The E/PO Team has developed a new series of the “Unsolved Mysteries of Venus” learning modules that enable student exploration of the same planetary data used by the Venus Exploration Science Team to learn more about the atmospheric conditions of Venus. Guided by inquiry-based instructional approach, students will become members of our Venus Science Team and use the mission’s data to conduct their own investigations, learn key concepts and develop the critical thinking skills essential for scientific discovery!

These Modules underwent a preliminary evaluation as a component of a University of Wisconsin-Madison Science Education Graduate Seminar. Participating science educators are piloting the Venus Exploration curriculum modules in their classrooms during the current school year. The science teachers were especially positive about the use of authentic Venus data from a current mission for classroom usage. Their feedback was used for revisions in 2009 with follow-up visits in February 2009.

The “Unsolved Mysteries of Venus” curriculum has been presented in several teacher professional development workshops and is currently being piloted in participating schools. Please contact us if you are interested in a teacher workshop for your school or district.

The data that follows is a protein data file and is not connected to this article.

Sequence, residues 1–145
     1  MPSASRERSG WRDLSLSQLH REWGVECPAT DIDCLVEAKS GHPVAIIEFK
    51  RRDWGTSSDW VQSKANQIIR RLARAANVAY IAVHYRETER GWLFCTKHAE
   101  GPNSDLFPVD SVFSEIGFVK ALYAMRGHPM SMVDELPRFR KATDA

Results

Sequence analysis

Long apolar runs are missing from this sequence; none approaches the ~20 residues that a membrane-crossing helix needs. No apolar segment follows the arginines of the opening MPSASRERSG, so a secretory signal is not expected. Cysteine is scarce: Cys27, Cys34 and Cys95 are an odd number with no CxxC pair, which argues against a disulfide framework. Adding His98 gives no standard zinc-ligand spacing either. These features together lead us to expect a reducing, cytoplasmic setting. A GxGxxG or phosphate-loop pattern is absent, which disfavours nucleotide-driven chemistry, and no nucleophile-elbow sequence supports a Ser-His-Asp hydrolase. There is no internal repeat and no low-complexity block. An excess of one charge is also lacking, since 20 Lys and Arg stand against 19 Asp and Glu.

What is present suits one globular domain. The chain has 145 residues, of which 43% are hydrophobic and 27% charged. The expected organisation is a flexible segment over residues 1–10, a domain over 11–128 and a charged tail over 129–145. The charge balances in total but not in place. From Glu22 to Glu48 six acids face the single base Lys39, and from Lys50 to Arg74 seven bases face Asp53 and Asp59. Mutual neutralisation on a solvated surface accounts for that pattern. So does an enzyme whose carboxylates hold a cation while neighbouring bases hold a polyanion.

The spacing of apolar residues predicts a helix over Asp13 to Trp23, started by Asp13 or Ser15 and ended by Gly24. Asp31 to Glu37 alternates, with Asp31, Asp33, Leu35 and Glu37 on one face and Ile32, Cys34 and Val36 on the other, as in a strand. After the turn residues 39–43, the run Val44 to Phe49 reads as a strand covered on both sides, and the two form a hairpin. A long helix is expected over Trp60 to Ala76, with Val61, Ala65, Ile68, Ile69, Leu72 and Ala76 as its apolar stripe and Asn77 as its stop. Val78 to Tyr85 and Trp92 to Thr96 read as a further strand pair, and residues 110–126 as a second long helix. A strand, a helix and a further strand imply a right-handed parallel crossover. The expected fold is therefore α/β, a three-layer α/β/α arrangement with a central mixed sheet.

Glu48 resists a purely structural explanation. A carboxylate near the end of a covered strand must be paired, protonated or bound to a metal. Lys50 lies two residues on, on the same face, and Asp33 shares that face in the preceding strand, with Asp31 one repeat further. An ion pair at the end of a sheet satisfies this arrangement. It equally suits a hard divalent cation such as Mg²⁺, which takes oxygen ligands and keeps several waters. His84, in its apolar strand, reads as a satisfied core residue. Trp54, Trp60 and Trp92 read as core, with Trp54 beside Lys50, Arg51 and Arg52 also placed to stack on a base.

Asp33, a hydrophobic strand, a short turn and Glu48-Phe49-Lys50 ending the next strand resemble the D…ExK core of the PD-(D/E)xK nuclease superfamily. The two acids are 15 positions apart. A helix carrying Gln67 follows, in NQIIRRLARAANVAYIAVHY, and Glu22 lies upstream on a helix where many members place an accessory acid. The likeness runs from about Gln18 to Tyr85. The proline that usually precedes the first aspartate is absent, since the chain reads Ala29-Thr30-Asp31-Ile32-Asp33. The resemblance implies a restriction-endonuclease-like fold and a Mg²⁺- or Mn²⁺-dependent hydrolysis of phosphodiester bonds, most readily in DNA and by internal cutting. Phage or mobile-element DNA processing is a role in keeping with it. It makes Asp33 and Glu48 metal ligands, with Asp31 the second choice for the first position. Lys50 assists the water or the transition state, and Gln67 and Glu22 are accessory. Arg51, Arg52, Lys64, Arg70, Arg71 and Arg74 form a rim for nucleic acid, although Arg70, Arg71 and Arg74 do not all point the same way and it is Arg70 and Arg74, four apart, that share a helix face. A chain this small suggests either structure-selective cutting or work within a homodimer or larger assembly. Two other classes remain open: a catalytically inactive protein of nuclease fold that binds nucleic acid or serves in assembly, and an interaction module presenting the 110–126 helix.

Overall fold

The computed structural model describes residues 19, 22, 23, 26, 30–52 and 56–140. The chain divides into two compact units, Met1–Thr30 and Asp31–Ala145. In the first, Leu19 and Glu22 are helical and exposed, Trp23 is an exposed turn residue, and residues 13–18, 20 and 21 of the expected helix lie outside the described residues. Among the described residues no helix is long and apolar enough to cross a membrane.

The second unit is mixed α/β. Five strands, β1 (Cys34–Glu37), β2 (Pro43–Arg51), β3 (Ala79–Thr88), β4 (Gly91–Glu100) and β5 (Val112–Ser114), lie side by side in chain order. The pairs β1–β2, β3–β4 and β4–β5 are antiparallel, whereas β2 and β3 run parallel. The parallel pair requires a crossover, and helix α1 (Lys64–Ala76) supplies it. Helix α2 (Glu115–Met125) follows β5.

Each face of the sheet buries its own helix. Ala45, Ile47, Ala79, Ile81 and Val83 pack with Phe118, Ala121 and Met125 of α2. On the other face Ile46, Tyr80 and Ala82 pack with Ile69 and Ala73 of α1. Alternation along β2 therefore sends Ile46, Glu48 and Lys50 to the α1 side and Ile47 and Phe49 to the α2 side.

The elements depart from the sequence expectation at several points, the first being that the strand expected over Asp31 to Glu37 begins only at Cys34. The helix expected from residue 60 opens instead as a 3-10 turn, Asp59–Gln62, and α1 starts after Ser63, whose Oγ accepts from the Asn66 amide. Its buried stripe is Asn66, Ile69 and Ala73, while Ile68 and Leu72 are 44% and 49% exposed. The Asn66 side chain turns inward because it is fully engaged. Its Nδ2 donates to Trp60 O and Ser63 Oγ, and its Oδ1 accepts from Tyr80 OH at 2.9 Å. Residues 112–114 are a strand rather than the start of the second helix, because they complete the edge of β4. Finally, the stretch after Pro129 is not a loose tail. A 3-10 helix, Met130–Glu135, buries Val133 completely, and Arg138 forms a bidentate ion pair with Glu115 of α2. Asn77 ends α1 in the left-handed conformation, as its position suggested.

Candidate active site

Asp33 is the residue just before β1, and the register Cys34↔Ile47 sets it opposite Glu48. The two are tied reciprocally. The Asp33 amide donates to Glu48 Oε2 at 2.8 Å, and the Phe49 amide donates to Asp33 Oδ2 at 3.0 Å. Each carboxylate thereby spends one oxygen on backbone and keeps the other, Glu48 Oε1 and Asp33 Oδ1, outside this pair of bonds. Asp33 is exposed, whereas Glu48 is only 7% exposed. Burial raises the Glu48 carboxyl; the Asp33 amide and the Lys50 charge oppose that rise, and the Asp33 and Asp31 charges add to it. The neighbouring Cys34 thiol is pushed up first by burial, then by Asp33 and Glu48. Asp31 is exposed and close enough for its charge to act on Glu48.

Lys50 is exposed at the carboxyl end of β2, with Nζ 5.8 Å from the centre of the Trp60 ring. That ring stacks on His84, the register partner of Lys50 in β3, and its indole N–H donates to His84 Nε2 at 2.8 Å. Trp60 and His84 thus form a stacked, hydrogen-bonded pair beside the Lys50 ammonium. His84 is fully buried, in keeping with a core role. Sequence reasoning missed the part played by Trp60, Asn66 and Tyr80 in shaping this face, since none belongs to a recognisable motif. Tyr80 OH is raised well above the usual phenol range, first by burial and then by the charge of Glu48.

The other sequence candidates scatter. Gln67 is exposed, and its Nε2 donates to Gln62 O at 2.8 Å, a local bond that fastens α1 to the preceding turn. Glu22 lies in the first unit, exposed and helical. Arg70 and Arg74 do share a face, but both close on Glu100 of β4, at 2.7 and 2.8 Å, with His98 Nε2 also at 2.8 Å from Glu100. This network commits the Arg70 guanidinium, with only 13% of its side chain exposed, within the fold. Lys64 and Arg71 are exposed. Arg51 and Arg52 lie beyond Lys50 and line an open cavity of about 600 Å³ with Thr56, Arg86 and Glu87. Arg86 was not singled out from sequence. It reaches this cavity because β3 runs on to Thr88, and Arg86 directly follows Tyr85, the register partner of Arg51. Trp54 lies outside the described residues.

Unsolved Mysteries of Venus Curriculum Module

Exploring Venus: Why Measure Winds ?

The big question:
Earth and Venus represent two very different worlds: one is very hospitable for life; the other presents an extremely hostile and inhospitable environment for life as we know it. If Earth and Venus formed from the same solar nebula in the same general neighborhood of the Sun and are similar in size, how or why did they evolve to their very different present states?

  • Winds, caused by differences in horizontal distribution of atmosphere pressure, are key in the transport of heat (energy), trace constituents (water vapor), and momentum, all critical ingredients for weather on any planet. On Earth, the knowledge of global winds is crucial in our ability to forecast weather by using them in numerical simulation and modeling.
  • Planets with atmospheres, particularly in our solar system provide us with a natural comparative laboratory with a different set of conditions.
  • The dawn of the age of space exploration has given us the ability to explore planets other than our own and observe their atmospheres. We can now monitor the weather on our immediate neighbors on a daily basis.

The curriculum module emphasizes some basic concepts employed by scientists and then focuses on the measurement of cloud motions as proxy for atmospheric winds which are needed in understanding the weather on the planets. The included activities will enable student exploration of the same planetary data used by Venus scientists to learn more about the atmospheric conditions of Venus.

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(Credit: S. Limaye & R. Pertzborn, Space Science & Engineering Center at University of Wisconsin – Madison)